The software robot invasion is underway

Companies are adopting robotic process automation tools as they look to reduce errors and increase process efficiency.
Written by Bob Violino, Contributor

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One of the more disruptive emerging technologies, robotic process automation (RPA), appears primed for significant growth, despite the fact that many organizations remain confused or concerned about the impact these tools might have on their operations.

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For some, RPA is seen as a technology designed to replace full-time human labor outright and therefore to be treated with caution. For others, it has the potential for huge cost savings and can enable enterprises to move people from mundane tasks such as data entry to more exciting endeavors.

Recent research indicates that there's a growing demand for RPA, which involves the use of software robots to handle any rules-based repetitive tasks quickly and cost effectively. And deploying the technology doesn't have to result in throwing a lot of people out of work.

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"Interest and adoption of RPA has spiked dramatically across [the largest] organizations," said Tony Abel, a managing director with consulting firm Protiviti. "Organizations that have been dabbling in trials of other AI [artificial intelligence] technologies are realizing that to complete the vision of their digital transformation, they need to include an AI component that addresses their operational challenges."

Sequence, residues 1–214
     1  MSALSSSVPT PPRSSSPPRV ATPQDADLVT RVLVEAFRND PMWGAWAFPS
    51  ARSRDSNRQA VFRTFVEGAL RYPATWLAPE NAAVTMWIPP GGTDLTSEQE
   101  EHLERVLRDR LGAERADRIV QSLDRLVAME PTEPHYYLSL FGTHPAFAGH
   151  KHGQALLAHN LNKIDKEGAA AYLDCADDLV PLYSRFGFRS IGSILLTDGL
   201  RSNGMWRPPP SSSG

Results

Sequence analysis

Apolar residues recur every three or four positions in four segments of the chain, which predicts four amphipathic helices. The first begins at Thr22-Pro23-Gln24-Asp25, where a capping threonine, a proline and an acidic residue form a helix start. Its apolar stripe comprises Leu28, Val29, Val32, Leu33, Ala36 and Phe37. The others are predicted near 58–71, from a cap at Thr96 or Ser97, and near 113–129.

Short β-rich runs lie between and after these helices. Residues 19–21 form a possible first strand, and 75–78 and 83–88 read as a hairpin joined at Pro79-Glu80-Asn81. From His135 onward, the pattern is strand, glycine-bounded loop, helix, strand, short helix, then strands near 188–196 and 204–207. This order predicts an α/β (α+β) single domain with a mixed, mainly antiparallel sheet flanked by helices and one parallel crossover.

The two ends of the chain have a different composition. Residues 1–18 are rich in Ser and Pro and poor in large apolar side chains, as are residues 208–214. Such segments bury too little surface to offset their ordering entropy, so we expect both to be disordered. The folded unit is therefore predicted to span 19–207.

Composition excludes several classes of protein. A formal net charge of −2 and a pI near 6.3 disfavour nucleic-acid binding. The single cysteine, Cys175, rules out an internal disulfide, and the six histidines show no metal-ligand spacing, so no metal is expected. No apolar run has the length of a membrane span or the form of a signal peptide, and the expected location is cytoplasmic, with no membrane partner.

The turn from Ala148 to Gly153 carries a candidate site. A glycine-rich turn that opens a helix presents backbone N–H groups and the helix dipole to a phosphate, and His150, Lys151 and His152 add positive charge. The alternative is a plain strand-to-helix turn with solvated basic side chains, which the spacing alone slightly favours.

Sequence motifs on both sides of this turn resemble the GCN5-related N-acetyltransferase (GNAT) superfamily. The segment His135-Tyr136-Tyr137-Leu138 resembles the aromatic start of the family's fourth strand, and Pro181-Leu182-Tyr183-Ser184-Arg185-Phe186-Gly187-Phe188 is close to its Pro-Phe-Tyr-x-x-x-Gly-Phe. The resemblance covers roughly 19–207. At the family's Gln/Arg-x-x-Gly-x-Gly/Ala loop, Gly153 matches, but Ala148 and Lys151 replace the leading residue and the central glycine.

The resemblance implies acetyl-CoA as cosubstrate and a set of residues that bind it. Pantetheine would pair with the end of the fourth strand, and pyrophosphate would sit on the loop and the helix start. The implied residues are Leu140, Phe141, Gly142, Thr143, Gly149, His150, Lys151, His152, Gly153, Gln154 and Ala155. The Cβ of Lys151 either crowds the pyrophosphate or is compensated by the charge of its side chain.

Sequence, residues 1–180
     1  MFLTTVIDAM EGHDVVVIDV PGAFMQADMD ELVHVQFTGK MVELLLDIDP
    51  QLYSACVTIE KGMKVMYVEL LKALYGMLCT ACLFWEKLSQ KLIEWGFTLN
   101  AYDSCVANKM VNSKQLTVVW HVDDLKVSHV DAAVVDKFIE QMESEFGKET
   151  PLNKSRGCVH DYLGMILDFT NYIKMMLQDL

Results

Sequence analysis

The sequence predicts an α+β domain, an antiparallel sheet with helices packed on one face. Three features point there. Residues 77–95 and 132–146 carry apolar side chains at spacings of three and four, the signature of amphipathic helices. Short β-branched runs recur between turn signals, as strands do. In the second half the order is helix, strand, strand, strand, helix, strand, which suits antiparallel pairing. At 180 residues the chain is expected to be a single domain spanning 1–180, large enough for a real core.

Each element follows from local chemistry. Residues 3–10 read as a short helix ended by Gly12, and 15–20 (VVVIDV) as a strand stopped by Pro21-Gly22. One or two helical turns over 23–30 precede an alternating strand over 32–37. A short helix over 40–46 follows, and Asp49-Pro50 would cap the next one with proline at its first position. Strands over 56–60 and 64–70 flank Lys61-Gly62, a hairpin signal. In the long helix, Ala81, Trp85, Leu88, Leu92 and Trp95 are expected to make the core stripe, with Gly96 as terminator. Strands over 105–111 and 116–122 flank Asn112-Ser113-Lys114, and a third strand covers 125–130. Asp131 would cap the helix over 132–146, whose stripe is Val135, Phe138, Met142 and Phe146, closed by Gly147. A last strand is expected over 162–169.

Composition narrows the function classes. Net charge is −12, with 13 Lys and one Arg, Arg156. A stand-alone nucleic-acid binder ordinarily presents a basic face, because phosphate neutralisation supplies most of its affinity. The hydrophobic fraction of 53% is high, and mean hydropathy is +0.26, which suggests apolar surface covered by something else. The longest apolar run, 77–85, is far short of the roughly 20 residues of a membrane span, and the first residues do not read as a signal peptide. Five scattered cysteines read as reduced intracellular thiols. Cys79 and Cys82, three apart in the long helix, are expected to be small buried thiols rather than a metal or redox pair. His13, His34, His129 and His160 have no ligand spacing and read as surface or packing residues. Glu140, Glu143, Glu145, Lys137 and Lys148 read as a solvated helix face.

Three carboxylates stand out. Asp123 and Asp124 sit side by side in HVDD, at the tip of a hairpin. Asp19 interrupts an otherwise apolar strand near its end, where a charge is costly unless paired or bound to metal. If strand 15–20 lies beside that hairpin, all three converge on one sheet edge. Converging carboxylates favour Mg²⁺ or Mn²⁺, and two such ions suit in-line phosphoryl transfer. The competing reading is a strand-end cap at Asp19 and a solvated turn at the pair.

Most organizations that have deployed RPA are looking to reduce errors and processing times and to integrate across expansive technology platforms, Abel said. "They're also looking to improve controls that both accelerate the existing audit process and anticipate greater complexity in audit processing in the future," he said.

Companies that are truly leveraging the value of RPA are doing so in such a way that improves their human capital position by replacing or enhancing activities currently performed by humans with robots, Abel said. Others are still reluctant to recognize the direct correlation between what a robot can do and what has historically been done by humans, he said. They are therefore hesitant to invest in the technology.

Clearly, these are still the early days of RPA implementation.

"Many organizations are still just getting started," Abel said. "They begin with a specific use case, usually by applying proof-of-concept bots in one small area of the business, whether that's supplier setup, system access provisioning, or invoice reconciliation."

Once they realize the value, they then look across the enterprise to other business processes that could reap the benefits of automation, Abel said.

"Another trend we are seeing is the use of robotics in delivery of services, particularly outsourced services," Abel said. "Also, the continual increase in labor rates in major off-shore locations is driving substitution of human labor for automation."

There are no guarantees of success. "We've seen a number of organizations that have stumbled with RPA implementations," Abel said. This usually occurs in large enterprises that are highly bureaucratic, he said.

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Often several areas within an organization are running trials of one or multiple RPA products without fully committing or appropriately dedicating the time and skills necessary. "They are also not talking with one another," Abel said. "They have approached it with one foot out the door and become disillusioned with the results."

Disillusionment also comes when organizations are not able to reduce as much human capital as they had hoped. "Their business cases [and return on investment] was based purely on reducing headcount, which is a narrow way to view the value RPA can provide," Abel said. "The issues organizations are facing are a consequence of not having proper guidance and leadership in their RPA journey."

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